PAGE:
3 1/2 Ways to Teach My Toddlers About MLK, Jr.

On this Martin Luther King, Jr Day, and after a conversation I had with some narrow minds over the holidays, I’m choosing to think of lessons from MLK’s life in three segments:

  1. Have empathy for people who feel down-trodden
  2. Don’t condemn an entire population for the actions of a few.
  3. Racial issues are more about socio-economics than skin color.

I’m imagining discussing this with my 3-year-old:


Son, if I were a perfect (or just better) daddy, I’d address all your tears with “I understand you’re frustrated that your brother stole your train. But you can’t body-slam him onto the floor.” I admit I often roll my eyes and give YOU time-outs for your “brutality”. But the fact is, your little brother stole your train! He’s the aggressor.

And you know how I’m always telling you to take your shoes off, and wash your hands? I tell friends you’re a demanding emperor. But really I’m the tyrant barking orders at you all day long. And sometimes you say, “No, Daddy! You’re not going to tell me to share my trains!”

And when you tell me not to watch you as you’re hiding behind the couch to intentionally poop your pants, isn’t that frustrating? Doesn’t it make you angry to have anyone look at you suspiciously? Like you’ve done something wrong? (Pooping isn’t wrong, son.)

See? It’s frustrating to feel constantly harassed or have your stuff taken. And imagine having people stare at you suspiciously all day long. That would be sad.

You’re allowed to be frustrated. You deserve to speak out.

When you see people of all skin colors protesting in the streets, it’s because they’re frustrated that someone took their things or looks at them suspiciously or treats them unfairly.

I hope you might ask why they’re marching. Their feelings are important. Just like yours are.

(You still can’t tackle your brother or avoid washing your hands. In New York you wash your hands before going to the bathroom.)


“Son, sometimes you say “I don’t like kids at school!” And why is that?”

He responds: “That’s why(*) that boy pushes me and always takes Percy**.”

“But that’s just the actions of one little boy. It’s not the actions of everyone. See? You can’t blame everyone for the actions of one. Like, buddy, when you say ‘I don’t like green food’ but it’s really that you don’t like peas, right?”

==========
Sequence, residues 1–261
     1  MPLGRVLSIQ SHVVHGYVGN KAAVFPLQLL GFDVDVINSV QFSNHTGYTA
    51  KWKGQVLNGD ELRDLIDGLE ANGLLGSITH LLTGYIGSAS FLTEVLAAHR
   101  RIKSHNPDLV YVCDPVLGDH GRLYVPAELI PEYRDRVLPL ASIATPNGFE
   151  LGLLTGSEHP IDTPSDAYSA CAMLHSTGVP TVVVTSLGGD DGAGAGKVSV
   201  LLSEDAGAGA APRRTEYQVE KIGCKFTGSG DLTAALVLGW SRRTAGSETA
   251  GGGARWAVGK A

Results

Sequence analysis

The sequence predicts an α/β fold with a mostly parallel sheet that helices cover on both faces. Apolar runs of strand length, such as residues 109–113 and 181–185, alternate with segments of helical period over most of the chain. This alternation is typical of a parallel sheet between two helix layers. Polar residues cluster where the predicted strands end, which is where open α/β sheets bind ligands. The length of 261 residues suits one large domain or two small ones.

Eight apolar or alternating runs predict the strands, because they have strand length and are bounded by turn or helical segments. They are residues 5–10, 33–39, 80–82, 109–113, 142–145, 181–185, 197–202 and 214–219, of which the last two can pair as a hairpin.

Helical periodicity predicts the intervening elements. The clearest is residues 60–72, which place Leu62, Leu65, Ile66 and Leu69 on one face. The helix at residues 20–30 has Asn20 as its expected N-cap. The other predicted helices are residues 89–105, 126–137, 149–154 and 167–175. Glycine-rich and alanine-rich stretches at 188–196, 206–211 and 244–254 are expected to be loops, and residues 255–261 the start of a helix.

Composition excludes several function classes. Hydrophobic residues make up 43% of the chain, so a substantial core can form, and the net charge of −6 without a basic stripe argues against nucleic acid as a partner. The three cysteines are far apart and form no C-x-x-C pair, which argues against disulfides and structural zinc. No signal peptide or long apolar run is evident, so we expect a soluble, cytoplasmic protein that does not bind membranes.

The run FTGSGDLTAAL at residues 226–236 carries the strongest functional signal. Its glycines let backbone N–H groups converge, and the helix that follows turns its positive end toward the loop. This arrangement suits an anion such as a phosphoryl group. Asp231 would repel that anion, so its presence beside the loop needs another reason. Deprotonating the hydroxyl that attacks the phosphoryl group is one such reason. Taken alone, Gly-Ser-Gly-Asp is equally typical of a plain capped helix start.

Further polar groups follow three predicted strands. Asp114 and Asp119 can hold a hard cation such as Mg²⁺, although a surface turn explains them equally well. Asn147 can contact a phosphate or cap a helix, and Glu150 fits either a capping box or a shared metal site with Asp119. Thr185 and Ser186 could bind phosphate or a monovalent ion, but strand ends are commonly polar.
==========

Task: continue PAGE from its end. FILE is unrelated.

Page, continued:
“No! I don’t want peas for lunch!” he says.

“Right. But you can’t stigmatize*** an entire group because of one thing. It goes for vegetables and people. Do you understand?”


“What do you think?”
“Um. I don’t know.”

“Ok. Well, we will not lump things together in this house. You don’t say ‘those people’, you don’t say, ‘I don’t like greens’ and you don’t…”

“Daddy?” he interrupts. “Can I watch Frozen?”

* My son says “that’s why” in place of “because”. I hope he never changes.

**   Percy = Friend of Thomas.

*** You don’t know what stigmatize means? What are they TEACHING you at that preschool?


“Son, racial issues are very often socio-economic issues.”

“What’s soss-eponomis?”

“I’m glad you asked. Poor people are often driven to do bad things to survive in our country. It’s not because they’re Black, or Asian, Latino or White. It’s because they want to have what you have: food, warmth, a few toys. It’s not because of skin color. It’s because of money. You understand?”

“But because of the actions of a few desperate people, an entire population is found guilty. And that’s wrong.”

“Daddy? Can we play trains, now?”

“One second, buddy. I’m on a roll. Here’s number 3 ½: The system is stacked against poor people. Some kids don’t do well in school, but it’s not because of their skin color. It’s because of a whole host of reasons: they have underfunded schools, they didn’t eat breakfast, no one read to them like I read to you.”

“Daddy? Can you stop talking? Pleeease?”

“Buddy, I just need to finish this one point: some kids drop out of school because they don’t have support at their house to strive for greater academic achievement, but that doesn’t have to do with their skin color.”

He starts singing “Let it Go” and tuning me out.

“Some parents can’t give successful tools to their kids, but that’s unrelated to their skin color. They never had those tools in the first place, because they weren’t born into a lucky position with support and resources. It’s a repeating cycle throughout generations. But it’s about economics, not skin color.”
He walks away from me. I pursue.

“Buddy, you can empathize. But you cannot make blank statements about groups of people and you cannot discount how people feel. But you can ask why and you can seek to understand the world through their eyes.”

“Daddy? Stop talking. You play with green trains. I don’t like them. They’re green. I want the purple trains.”

I’m glad we had this discussion.

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